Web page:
From the Aeolus 13 Umbra YouTube Channel.
Apollo 11: As It Happened is a six-hour compilation of ABC News coverage of the Apollo 11 launch, Moon landing, and return to Earth, July 16 – 24, 1969. No commercials. No narration. Just six hours of pure, unadulterated news coverage — enough to satisfy even the most hard-core fan of the space program or news junkie. The complete recording, a digital copy of a VHS videotape I recorded in July 1994 from a public television broadcast, is available above from the Aeolus 13 Umbra YouTube channel.
As I was born in 1964, I grew up with the space program and counted astronauts among my first role models and heroes. I can even remember the Moon landing, sort of. I was four years old and my family was vacationing in Wildwood, New Jersey. It was a few minutes before 11 P.M. and I was drifting in and out of sleep when my father abruptly woke me up just in time to see Neil Armstrong walk on the moon — which I did, and immediately fell back to sleep. I'm grateful to count myself among those who watched that day, if but just for a little while.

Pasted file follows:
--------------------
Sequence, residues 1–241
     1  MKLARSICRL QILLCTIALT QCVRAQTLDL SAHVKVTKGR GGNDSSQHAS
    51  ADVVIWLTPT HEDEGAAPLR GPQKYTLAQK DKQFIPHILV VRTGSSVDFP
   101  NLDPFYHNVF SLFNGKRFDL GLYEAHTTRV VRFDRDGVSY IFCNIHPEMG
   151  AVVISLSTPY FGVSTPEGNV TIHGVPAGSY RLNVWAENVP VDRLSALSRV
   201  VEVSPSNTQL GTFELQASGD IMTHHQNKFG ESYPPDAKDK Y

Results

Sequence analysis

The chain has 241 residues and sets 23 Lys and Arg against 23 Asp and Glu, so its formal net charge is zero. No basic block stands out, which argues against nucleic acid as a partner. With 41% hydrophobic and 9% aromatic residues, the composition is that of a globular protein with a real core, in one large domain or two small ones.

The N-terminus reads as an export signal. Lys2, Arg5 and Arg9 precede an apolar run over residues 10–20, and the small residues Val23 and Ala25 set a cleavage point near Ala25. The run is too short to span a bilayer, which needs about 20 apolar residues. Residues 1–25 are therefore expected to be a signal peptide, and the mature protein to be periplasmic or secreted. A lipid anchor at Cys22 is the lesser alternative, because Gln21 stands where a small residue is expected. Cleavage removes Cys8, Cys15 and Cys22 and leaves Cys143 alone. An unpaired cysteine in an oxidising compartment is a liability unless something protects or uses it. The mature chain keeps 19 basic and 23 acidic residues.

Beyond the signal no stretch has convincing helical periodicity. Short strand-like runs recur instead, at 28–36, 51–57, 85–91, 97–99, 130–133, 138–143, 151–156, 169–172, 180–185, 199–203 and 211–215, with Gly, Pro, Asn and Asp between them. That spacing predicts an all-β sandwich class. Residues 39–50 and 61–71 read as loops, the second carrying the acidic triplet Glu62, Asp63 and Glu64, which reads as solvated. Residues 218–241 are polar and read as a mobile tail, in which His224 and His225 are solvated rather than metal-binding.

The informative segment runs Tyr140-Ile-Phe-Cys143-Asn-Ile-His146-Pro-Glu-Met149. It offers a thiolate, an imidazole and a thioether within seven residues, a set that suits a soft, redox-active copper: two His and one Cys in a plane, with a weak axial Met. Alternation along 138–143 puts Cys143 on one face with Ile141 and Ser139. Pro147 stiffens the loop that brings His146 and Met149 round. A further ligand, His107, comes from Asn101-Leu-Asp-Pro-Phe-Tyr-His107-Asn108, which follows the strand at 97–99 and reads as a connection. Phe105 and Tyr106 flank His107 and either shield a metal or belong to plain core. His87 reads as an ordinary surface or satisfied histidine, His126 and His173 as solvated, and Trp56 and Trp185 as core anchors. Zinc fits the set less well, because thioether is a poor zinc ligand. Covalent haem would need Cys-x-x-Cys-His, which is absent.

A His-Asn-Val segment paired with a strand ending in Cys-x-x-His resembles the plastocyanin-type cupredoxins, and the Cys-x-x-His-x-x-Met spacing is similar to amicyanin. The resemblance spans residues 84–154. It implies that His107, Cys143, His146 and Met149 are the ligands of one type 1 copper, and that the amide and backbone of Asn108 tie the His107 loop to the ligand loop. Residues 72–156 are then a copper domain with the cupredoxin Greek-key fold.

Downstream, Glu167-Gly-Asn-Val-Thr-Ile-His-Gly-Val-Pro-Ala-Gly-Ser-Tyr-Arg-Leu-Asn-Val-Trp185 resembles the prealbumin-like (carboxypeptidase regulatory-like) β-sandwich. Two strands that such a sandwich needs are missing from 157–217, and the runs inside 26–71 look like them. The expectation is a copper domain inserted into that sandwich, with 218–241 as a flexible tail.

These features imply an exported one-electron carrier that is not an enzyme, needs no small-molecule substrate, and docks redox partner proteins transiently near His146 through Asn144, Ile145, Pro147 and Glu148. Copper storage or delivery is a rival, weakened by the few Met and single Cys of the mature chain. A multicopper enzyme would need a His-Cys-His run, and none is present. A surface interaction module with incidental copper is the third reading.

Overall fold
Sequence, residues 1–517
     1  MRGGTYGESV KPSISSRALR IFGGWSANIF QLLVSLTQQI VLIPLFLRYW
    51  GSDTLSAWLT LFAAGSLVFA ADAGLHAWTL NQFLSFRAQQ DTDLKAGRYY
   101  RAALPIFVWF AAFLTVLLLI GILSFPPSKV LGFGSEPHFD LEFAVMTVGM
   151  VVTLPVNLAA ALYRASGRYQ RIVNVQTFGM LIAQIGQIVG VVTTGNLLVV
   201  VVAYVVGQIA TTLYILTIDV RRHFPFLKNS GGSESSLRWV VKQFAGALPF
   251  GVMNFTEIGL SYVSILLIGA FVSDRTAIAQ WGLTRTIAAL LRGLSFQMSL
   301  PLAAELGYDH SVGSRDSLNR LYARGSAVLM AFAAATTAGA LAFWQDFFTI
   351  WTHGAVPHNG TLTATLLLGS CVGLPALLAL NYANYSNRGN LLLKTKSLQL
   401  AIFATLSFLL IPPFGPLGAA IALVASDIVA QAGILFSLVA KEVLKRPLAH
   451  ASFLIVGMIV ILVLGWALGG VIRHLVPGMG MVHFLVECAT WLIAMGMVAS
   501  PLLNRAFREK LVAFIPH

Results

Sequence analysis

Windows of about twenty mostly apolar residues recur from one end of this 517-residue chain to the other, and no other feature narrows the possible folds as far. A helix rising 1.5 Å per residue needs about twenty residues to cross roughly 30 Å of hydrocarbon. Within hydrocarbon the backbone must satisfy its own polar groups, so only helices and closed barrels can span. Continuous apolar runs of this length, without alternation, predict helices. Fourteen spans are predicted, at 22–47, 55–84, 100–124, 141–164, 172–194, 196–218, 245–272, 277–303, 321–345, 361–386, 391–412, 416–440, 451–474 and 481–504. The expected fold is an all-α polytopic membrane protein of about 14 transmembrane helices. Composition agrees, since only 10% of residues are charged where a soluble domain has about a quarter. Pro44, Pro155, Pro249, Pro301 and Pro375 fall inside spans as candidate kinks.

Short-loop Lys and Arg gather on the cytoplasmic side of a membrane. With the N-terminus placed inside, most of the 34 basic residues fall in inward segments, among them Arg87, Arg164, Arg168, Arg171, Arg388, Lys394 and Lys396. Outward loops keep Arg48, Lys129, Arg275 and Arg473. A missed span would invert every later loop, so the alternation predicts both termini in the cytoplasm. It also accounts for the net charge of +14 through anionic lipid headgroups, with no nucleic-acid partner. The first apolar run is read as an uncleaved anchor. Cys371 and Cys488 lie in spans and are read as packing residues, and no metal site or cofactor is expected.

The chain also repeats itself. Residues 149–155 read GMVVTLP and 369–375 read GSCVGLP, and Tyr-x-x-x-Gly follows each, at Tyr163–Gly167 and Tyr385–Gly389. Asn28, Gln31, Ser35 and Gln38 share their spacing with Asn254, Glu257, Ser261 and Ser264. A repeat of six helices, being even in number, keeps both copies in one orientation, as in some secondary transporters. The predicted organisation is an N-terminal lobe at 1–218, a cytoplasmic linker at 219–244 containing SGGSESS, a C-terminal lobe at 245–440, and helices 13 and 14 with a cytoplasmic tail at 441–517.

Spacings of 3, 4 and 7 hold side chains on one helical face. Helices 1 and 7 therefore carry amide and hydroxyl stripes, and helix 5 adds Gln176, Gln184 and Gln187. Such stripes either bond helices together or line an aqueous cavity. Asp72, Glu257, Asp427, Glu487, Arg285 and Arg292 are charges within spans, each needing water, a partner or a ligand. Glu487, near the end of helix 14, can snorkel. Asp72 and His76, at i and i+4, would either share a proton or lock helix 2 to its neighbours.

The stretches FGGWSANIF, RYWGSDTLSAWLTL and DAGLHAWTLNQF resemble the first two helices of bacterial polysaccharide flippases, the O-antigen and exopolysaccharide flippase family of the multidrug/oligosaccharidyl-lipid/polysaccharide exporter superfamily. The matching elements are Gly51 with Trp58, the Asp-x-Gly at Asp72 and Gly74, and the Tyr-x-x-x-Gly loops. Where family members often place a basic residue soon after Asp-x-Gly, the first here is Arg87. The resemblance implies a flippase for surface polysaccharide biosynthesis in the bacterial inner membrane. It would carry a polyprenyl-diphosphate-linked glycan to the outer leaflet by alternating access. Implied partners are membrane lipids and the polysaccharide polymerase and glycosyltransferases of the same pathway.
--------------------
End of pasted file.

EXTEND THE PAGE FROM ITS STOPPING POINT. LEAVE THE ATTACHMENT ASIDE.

What makes this a real treasure are all the segments ABC produced to fill the news cycle. Several of these segments have previously been posted on Aeolus 13 Umbra and include:
Additionally, “man on the street” interviews provide an insight into the real excitement people felt at the Moon landing, something which is all too often overlooked today. ABC News anchor Frank Reynolds and science editor Jules Bergman host the coverage, which pushed the technology of the times to its limits. A young Peter Jennings reporting on the news elsewhere in the world, including Vietnam, adds a somber tone to the momentous events.
As an artifact for research, Apollo 11: As It Happened provides source material and insight into a wide variety of areas, including broadcast engineering, computer technology, fashion, and language. Along with interviews of various people, including scientists, celebrities, reporters, authors, artists, and everyday citizens — both young and old and black and white — we get a glimpse at "the State of the Union" in July 1969.
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